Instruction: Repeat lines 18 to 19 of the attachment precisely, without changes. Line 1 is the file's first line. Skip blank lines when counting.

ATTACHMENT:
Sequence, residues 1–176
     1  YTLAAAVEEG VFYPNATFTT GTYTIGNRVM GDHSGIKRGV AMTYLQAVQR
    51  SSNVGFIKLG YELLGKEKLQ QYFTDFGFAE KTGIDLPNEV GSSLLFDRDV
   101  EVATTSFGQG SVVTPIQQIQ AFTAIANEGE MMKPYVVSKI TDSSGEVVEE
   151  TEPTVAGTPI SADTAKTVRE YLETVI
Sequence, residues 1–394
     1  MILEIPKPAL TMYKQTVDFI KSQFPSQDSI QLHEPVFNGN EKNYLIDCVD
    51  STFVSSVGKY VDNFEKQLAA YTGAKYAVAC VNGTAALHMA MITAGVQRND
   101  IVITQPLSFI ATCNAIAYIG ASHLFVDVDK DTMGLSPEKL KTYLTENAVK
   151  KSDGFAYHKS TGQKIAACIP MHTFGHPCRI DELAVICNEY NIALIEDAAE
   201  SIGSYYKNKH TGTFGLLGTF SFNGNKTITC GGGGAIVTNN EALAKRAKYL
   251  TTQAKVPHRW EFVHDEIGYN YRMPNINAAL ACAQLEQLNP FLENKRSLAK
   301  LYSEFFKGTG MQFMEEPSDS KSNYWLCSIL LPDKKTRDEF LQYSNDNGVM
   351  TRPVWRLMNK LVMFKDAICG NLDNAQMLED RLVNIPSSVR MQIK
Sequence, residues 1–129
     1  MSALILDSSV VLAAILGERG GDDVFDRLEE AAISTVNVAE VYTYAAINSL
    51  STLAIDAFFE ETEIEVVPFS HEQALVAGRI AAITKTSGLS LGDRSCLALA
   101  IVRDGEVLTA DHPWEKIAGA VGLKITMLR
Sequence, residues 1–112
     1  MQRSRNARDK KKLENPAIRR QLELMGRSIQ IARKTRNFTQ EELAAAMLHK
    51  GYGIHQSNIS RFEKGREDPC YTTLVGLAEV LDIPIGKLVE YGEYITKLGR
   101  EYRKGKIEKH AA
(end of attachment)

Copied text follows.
   101  IVRDGEVLTA DHPWEKIAGA VGLKITMLR
Sequence, residues 1–112